Born of a Muslim who overcame an immigration ban, a community celebrates its centennial


One hundred years ago this week, the Philadelphia Inquirer recorded the arrival in its city of a South Asian man in a green and gold turban. Others noted his “Gospel likeness” and “flowing” beard, as one who “spoke like a Biblical prophet.” Upon seeing him, one young girl would later remark, “Look, Mother, Jesus Christ has come!”

Immigration officers denied him entry because they feared that Sadiq, the first Muslim missionary on these shores, would promote polygamy. He persisted and was detained. From his cell in Gloucester, New Jersey, he wrote to the secretary of state in Washington to explain that as a Muslim, he was duty-bound to obey the law; if America outlawed polygamy, he would obey. Seven weeks later, on April 11, 1920, Mufti Muhammad Sadiq was released.

By the time he left two years later, Sadiq, an Ahmadi Muslim, had established a lasting example for Muslim American relations.

A Sept. 24, 1922, article about Mufti Muhammad Sadiq in The Vancouver Sun. Courtesy image

The environment for Muslims that Sadiq experienced was not unlike today. Coverage of his arrival ranged from the amusing — he was mistaken for a Hindu and a Buddhist — to the sensational — he was called an “infidel” whose “militant followers” would “invade (with) Allah’s army.”

Federal bans targeted Muslims even then. They were barred from entry under the Immigration Act of 1891, as officials falsely conflated the practice of polygamy in some majority Muslim lands with the assumption that Islam mandated polygamy. The 1907 Pacific Coast race riots included attacks by Washington state locals on Indian migrants whom they saw as competitors for jobs. Subsequent legislation — the Oriental Exclusion Act of 1917, Johnson Act, Johnson-Reed Act — all served to deepen suspicions of Muslims. 

Against this backdrop, Sadiq’s feat of winning his entry through legal, peaceful means was extraordinary. It eased subsequent immigration for non-whites, reinforced America as a country where the rule of law is oftentimes respected, and demonstrated that “Muslim American” is not an oxymoron.

Holding six doctorates, speaking “faultless English” and six other languages, Sadiq personified the value immigrants could provide. He delivered more than 50 public lectures and earned favorable coverage from newspapers in more than 25 states, from New York to California — a testament to America’s fairness and a powerful rebuttal to those who fear Islam. If Sadiq had anything “un-American” to say, it would surely not have gone unnoticed. Indeed, in Sioux City, Iowa, the local ministerial association plotted to kick out Sadiq, not for any crime, but because of his critique of some Christian missionary work in India.

From Highland Park, Michigan, Sadiq inaugurated what is considered America’s first mosque, declaring it open to “believers of all religions.” He explained it is a Muslim’s religious duty to be a good citizen and learn that country’s language to promote understanding. The Detroit Free Press in February of 1921 encapsulated the inauguration’s spirit: “Moslems Avow Loyalty to US.”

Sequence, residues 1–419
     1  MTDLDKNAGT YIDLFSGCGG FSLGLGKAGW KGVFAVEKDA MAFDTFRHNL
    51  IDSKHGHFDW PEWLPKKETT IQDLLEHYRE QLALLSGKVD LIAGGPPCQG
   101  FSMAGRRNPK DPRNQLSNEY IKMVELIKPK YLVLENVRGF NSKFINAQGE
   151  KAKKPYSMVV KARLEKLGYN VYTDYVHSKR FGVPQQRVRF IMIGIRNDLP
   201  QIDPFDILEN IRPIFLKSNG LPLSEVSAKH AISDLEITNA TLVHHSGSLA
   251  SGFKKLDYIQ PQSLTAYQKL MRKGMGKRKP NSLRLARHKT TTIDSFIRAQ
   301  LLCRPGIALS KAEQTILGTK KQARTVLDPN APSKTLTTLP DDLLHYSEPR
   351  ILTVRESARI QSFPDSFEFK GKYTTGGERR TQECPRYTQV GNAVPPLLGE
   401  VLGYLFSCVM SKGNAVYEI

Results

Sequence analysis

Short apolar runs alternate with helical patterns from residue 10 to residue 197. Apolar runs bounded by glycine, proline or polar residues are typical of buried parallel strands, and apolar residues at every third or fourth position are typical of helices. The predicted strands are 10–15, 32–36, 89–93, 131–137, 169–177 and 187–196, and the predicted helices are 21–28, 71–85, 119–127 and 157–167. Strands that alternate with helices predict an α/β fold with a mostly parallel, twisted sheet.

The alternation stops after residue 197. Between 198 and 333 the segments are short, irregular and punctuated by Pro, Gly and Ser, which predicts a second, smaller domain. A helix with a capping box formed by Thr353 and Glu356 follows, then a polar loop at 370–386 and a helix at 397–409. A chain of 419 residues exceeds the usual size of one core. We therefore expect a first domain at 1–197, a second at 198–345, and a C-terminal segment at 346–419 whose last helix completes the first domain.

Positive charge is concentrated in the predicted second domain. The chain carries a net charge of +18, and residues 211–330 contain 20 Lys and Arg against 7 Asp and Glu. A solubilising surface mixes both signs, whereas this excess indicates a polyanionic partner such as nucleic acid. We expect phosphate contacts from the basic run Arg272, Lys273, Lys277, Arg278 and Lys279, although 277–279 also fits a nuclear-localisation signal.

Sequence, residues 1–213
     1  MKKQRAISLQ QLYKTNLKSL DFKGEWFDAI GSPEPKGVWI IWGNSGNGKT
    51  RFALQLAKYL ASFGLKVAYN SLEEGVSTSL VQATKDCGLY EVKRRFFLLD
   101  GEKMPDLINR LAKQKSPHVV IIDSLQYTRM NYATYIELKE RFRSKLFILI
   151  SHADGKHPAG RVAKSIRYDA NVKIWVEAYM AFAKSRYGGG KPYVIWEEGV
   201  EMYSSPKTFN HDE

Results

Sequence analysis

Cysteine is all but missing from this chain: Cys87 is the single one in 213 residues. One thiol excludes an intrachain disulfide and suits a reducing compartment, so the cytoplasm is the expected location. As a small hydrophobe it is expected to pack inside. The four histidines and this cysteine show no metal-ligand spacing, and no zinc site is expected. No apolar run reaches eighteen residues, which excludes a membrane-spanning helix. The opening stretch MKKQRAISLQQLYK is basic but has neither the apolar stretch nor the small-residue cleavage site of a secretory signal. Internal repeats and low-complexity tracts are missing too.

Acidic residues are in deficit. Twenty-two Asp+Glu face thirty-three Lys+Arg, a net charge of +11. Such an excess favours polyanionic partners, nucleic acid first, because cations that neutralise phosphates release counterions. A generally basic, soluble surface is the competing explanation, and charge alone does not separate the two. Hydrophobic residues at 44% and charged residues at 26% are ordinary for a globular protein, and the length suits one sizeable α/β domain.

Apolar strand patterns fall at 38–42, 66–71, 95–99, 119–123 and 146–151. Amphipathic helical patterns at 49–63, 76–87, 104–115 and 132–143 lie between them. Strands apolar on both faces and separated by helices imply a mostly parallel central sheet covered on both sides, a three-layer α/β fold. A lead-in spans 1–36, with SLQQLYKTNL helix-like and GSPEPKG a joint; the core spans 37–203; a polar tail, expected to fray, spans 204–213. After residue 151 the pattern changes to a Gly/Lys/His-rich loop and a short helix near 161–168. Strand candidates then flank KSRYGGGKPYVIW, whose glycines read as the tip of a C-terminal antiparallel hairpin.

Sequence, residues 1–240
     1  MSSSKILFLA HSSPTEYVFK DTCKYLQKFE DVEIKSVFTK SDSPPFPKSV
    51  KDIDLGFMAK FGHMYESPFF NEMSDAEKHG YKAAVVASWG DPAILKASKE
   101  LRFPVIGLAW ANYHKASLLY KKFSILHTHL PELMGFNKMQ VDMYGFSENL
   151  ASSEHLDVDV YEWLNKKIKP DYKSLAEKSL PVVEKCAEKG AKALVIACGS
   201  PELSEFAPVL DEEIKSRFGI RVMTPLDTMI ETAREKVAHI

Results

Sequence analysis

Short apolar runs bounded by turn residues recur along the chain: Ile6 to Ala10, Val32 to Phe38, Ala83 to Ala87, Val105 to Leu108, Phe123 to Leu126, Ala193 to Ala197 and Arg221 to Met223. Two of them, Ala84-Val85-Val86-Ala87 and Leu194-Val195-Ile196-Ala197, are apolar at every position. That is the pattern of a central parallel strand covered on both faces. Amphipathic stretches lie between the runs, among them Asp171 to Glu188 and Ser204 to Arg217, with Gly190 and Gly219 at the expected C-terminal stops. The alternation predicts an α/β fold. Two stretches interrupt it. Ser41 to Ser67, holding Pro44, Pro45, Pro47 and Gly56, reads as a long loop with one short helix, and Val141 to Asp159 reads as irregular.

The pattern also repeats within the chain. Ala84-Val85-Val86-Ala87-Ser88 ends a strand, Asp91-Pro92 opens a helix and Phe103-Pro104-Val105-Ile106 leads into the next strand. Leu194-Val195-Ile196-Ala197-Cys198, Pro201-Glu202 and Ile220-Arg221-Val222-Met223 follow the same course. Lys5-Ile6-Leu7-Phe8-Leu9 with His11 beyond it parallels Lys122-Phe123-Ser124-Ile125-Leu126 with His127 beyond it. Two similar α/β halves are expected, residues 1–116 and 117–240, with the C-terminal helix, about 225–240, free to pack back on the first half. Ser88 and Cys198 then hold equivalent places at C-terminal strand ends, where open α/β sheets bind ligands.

Sadiq was also the most prominent voice in rebutting American misconceptions about Islam through a jihad of the pen. From April to May 1920 alone, he published 20 articles. In 1921, he founded the first English-language Muslim periodical in America, The Moslem Sunrise, which is still published today as The Muslim Sunrise. He corresponded with President Warren Harding, Thomas Edison and Henry Ford. His success, as one newspaper noted, spread Islam “without the sword.”

Portrait of Mufti Muhammad Sadiq in a 1923 edition of “The Moslem Sunrise,” a periodical he founded. Photo courtesy of Creative Commons

And spread Islam he did. During his sea voyage to America, he converted men from Bosnia, England, Syria and China. While detained, he converted people from Argentina, Belgium, France, Germany, Guyana, Honduras, Italy, Jamaica, Poland, Portugal, Russia and Spain. He befriended Marcus Garvey and converted many of his followers. Sadiq also worked with the (white) United Automobile Workers. Within 13 years of his arrival, 20,000 Americans had become Ahmadi Muslim.

The irony of Sadiq’s pioneering missionary visit is that in America today, some Muslims refuse to acknowledge Ahmadis as true Muslims or their first mosque, Masjid Al Sadiq in Chicago, as America’s oldest. In some parts of the Muslim world, too, Ahmadi Muslims are sorely persecuted. In Pakistan, for example, a constitutional amendment declares all Ahmadis to be “non-Muslim” under punishment of imprisonment and death.

But Sadiq’s work continues. To celebrate its centennial on February 15, 2020, the Ahmadiyya Muslim Community USA will conduct a variety of community service events in nearly 30 states, from food and clothing drives to neighborhood cleanups. Open mosque events, inviting people from all walks of life, will be held during Ramadan, including at Baitul Aafiyat (Philadelphia’s largest purpose-built mosque, which opened in 2018).

In May and November, “Muslims for Remembrance” and “Muslims for Veterans” initiatives will honor the military. On July 4, the “Muslims for Loyalty” campaign will coordinate various events to celebrate Independence Day. And, in remembrance of 9/11, the 10th annual “Muslims for Life” blood drive will be held across America in September to save American lives. As Sadiq espoused 100 years ago while walking the streets of Philadelphia, as Americans, it is our duty.

About the author

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Amjad Mahmood Khan

An attorney by profession, Khan is National Director of Public Affairs for the Ahmadiyya Muslim Community USA.

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